“Follow those who ask of you no fee, and who are rightly guided.” (36:021, trans: Pickthall)

But how do we determine what righteousness is and furthermore who is righteous? Perhaps returning to the Noble Qur’an, the source that instructed us to follow the “rightly guided” may explain to us how to recognize the “rightly guided”. For example, in suratul baqarah it says,

“It is not righteousness that ye turn your faces Towards east or West; but it is righteousness- to believe in Allah (SWT) and the Last Day, and the Angels, and the Book, and the Messengers; to spend of your substance, out of love for Him, for your kin, for orphans, for the needy, for the wayfarer, for those who ask, and for the ransom of slaves; to be steadfast in prayer, and practice regular charity; to fulfil the contracts which ye have made; and to be firm and patient, in pain (or suffering) and adversity, and throughout all periods of panic. Such are the people of truth, the Allah (SWT)-fearing.” (tran: Yusuf Ali)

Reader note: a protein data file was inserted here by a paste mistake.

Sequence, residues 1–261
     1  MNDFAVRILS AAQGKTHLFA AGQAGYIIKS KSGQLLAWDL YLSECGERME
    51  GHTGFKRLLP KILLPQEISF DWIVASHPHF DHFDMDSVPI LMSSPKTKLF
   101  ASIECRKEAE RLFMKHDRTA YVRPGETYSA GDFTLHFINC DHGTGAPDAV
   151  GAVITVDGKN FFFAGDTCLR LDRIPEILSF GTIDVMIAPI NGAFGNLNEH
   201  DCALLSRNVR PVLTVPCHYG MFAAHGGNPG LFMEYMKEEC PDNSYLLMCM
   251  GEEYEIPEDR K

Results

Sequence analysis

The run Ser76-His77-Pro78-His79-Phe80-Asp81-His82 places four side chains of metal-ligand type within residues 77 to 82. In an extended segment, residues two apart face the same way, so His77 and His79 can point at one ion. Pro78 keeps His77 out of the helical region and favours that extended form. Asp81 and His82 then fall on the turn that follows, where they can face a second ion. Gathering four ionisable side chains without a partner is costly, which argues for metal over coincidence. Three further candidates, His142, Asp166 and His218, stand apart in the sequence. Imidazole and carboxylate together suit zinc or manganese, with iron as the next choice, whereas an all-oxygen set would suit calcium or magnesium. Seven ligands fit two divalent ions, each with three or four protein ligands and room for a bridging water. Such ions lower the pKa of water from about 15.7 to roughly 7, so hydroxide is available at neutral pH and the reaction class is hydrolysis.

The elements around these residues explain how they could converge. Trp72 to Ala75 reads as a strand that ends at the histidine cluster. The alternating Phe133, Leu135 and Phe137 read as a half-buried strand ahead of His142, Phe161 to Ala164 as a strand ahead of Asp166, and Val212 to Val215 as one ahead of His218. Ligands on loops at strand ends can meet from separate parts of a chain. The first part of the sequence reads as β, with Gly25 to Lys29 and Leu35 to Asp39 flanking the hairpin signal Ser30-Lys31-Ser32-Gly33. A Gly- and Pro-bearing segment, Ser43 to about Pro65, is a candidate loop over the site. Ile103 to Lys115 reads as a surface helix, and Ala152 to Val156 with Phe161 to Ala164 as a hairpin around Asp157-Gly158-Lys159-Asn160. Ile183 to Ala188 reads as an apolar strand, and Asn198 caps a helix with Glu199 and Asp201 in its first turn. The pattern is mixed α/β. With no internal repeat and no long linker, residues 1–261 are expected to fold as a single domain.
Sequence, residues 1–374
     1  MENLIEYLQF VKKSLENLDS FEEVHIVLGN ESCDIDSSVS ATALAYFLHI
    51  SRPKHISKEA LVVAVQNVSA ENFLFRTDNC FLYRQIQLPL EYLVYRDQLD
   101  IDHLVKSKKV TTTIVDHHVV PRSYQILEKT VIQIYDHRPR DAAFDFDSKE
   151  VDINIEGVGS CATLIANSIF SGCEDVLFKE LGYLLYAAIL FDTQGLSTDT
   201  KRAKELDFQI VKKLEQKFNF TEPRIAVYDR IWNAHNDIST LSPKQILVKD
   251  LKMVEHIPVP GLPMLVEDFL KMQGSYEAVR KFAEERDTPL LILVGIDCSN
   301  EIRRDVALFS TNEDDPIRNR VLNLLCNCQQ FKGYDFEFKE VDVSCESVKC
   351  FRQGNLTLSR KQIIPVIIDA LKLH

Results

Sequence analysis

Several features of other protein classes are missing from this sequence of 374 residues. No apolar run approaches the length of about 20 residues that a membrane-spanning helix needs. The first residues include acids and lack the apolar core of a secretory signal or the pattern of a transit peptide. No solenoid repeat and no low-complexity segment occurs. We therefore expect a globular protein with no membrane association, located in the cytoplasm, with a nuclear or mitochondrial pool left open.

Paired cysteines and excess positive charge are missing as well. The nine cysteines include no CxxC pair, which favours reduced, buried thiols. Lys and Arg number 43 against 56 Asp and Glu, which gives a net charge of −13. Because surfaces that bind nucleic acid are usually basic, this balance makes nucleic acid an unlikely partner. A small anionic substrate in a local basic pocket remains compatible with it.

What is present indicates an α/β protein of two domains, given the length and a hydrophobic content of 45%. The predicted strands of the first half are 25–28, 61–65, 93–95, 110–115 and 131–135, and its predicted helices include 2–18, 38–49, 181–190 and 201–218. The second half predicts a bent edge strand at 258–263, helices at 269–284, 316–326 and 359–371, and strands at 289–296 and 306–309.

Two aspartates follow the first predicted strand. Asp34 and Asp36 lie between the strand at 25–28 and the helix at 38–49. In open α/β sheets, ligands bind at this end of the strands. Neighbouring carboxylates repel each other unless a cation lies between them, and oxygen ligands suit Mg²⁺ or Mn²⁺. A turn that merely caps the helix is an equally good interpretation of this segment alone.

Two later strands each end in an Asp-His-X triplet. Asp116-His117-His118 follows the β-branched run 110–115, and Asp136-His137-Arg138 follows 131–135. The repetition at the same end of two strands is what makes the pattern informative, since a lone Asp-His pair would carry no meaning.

The above are not the inherent qualities of young men, in fact the above verse describes more accurately someone of a mature position within the community, an elder. Which implies to me that a community leader preaching against Muslims following shaykhs, an element hard-wired into the infrastructure of the religion, is somewhat self-defeating isn’t it? It seems to me that rather than criticizing the general role of shaykhs, those of authority and leadership would find a more reasonable position attacking the individuals themselves and perhaps discuss the points which they disapprove. However, that is just too risky and may over expose their critique, spoiling an agenda.